Self-Reported Spatial Hearing Abilities Across Different Cochlear Implant Profiles Purpose The goal of this study was to determine how self-reported spatial hearing abilities differ across various cochlear implant (CI) profiles and to examine the degree of subjective benefit following cochlear implantation across different groups of CI users. Method This was a retrospective study of subjective spatial hearing ... Research Article
Research Article  |   December 01, 2014
Self-Reported Spatial Hearing Abilities Across Different Cochlear Implant Profiles
 
Author Affiliations & Notes
  • Ann E. Perreau
    Augustana College, Rock Island, IL
  • Hua Ou
    Illinois State University, Normal
  • Richard Tyler
    University of Iowa, Iowa City
  • Camille Dunn
    University of Iowa, Iowa City
  • Disclosure: The authors have declared that no competing interests existed at the time of publication.
    Disclosure: The authors have declared that no competing interests existed at the time of publication.×
  • Correspondence to Ann E. Perreau: annperreau@augustana.edu
  • Editor and Associate Editor: Larry Humes
    Editor and Associate Editor: Larry Humes×
Article Information
Hearing & Speech Perception / Hearing Aids, Cochlear Implants & Assistive Technology / Research Articles
Research Article   |   December 01, 2014
Self-Reported Spatial Hearing Abilities Across Different Cochlear Implant Profiles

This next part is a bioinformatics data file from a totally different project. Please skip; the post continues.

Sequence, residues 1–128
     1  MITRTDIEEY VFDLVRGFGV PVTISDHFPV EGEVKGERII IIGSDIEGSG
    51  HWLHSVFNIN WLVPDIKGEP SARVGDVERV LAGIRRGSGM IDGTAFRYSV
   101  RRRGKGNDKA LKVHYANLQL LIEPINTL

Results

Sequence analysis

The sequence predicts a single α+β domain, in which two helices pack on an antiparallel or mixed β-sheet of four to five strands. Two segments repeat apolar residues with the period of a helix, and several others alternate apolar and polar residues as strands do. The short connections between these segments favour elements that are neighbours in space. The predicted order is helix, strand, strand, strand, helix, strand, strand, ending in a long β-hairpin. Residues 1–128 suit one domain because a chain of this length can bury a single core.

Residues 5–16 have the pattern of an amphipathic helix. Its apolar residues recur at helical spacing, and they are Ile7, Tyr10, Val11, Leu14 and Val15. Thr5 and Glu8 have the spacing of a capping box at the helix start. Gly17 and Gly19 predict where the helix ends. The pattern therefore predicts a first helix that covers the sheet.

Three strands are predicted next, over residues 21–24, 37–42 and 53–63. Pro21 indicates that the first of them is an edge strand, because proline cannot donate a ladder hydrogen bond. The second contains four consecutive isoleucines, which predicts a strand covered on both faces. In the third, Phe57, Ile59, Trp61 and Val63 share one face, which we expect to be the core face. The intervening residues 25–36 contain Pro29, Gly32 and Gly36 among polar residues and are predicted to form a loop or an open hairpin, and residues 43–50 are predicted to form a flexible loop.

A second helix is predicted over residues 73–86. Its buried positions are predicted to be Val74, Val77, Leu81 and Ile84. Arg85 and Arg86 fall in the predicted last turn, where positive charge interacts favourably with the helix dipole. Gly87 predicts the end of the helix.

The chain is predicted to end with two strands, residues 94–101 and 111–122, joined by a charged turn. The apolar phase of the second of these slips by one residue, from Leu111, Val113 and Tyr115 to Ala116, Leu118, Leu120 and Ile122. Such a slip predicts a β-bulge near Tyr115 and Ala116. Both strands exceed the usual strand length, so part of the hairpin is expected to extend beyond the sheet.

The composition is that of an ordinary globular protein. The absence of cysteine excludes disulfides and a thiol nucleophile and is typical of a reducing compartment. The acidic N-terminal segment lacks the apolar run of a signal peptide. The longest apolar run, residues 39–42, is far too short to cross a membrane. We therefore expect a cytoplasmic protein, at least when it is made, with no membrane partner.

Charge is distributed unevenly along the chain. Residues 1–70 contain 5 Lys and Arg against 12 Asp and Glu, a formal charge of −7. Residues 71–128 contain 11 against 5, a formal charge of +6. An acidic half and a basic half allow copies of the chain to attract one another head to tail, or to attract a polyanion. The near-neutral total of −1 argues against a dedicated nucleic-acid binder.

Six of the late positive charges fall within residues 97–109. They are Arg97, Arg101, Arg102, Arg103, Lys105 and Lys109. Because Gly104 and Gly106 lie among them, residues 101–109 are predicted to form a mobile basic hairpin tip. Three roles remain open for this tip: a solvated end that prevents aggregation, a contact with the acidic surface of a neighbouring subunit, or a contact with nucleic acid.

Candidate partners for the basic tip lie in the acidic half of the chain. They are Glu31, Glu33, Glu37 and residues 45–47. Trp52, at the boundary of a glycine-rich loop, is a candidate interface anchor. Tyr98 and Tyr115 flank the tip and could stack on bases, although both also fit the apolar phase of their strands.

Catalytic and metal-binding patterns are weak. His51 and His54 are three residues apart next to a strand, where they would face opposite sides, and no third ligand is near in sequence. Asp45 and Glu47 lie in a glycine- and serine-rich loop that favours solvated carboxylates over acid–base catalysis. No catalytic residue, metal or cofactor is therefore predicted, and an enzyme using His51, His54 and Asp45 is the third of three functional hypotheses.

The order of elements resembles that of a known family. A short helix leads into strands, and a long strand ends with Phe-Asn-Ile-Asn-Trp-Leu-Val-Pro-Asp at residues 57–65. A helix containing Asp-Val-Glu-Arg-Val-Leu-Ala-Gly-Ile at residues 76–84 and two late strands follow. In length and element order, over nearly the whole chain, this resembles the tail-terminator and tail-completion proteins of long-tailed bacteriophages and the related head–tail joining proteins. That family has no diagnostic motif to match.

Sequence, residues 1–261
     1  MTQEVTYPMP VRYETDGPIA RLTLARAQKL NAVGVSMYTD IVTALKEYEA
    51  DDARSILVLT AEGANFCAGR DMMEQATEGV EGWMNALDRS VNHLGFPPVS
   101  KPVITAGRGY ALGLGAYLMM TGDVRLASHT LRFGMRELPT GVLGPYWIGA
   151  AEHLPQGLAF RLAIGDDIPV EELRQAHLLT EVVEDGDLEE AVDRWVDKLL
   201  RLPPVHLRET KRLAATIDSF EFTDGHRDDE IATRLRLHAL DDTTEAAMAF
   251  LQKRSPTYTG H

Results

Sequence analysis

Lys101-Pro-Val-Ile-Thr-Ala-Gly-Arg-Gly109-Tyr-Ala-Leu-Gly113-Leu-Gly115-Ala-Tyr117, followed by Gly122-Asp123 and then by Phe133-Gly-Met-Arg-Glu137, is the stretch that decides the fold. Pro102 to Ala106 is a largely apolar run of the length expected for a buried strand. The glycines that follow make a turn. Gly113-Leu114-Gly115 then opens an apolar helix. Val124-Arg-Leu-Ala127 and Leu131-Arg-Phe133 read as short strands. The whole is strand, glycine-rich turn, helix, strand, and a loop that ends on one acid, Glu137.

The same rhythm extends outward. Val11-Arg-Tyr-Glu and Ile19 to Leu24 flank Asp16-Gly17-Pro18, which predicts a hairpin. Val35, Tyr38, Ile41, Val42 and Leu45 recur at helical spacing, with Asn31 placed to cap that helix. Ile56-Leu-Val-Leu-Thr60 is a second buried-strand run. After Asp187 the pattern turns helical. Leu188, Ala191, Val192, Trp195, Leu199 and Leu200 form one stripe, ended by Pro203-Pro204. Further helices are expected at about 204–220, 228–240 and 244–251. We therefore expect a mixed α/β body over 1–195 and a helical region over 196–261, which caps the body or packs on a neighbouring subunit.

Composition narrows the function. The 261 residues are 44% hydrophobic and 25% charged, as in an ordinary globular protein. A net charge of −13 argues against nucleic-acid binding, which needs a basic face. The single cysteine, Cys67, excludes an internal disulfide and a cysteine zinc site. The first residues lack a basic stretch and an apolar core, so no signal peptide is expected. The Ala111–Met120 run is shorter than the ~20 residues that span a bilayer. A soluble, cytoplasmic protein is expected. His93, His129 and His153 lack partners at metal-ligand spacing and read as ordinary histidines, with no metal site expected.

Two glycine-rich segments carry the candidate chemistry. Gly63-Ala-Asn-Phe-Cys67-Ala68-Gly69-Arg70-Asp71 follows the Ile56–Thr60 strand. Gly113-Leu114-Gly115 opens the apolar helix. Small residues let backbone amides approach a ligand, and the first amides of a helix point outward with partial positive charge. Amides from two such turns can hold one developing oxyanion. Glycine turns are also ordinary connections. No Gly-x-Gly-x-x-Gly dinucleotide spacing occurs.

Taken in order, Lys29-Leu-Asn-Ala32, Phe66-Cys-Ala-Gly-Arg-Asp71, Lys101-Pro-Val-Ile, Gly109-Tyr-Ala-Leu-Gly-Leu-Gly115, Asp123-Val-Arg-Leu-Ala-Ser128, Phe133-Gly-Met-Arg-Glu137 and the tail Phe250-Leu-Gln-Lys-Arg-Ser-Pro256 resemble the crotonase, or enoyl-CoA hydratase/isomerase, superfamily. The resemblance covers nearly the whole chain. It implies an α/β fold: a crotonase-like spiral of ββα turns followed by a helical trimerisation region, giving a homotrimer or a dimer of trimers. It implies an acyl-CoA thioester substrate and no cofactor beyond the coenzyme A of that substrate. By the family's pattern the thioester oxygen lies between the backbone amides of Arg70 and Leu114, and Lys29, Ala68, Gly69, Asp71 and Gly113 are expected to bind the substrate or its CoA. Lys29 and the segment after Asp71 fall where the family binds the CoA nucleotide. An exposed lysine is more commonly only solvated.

American Journal of Audiology, December 2014, Vol. 23, 374-384. doi:10.1044/2014_AJA-14-0015
History: Received March 17, 2014 , Revised July 8, 2014 , Accepted July 24, 2014
 
American Journal of Audiology, December 2014, Vol. 23, 374-384. doi:10.1044/2014_AJA-14-0015
History: Received March 17, 2014; Revised July 8, 2014; Accepted July 24, 2014
Web of Science® Times Cited: 2

Purpose The goal of this study was to determine how self-reported spatial hearing abilities differ across various cochlear implant (CI) profiles and to examine the degree of subjective benefit following cochlear implantation across different groups of CI users.

Method This was a retrospective study of subjective spatial hearing ability of CI recipients. The subjects consisted of 99 unilateral CI users, 49 bilateral CI users, 32 subjects with a CI and contralateral hearing aid (bimodal users), and 37 short-electrode CI users. All subjects completed the Spatial Hearing Questionnaire (Tyler, Perreau, & Ji, 2009), a questionnaire assessing spatial hearing ability, after implantation, and a subset of the subjects completed the questionnaire pre- and postimplantation.

Results Subjective spatial hearing ability was rated higher for the bilateral and short electrode CI users compared to the unilateral and bimodal users. There was no significant difference in subjective spatial hearing performance between the bilateral and short electrode CI users and the unilateral CI and bimodal users. A separate analysis of pre- and postimplant performance revealed that all CI groups reported significant improvements in spatial hearing ability after implantation.

Conclusion This study suggests that there are substantial differences in perceived spatial hearing ability among unilateral and bimodal CI users compared with bilateral and short electrode CI users.

Acknowledgments
This research study was funded by National Institute on Deafness and Other Communication Disorders Research Grant 2P50DC000242-26A1; Grant RR00059 from the General Clinical Research Centers Program, Division of Research Resources, National Institutes of Health; the Lions Clubs International Foundation; and the Iowa Lions Foundation. We thank Haihong Ji for her efforts in data management and the subjects from the University of Iowa for their time.
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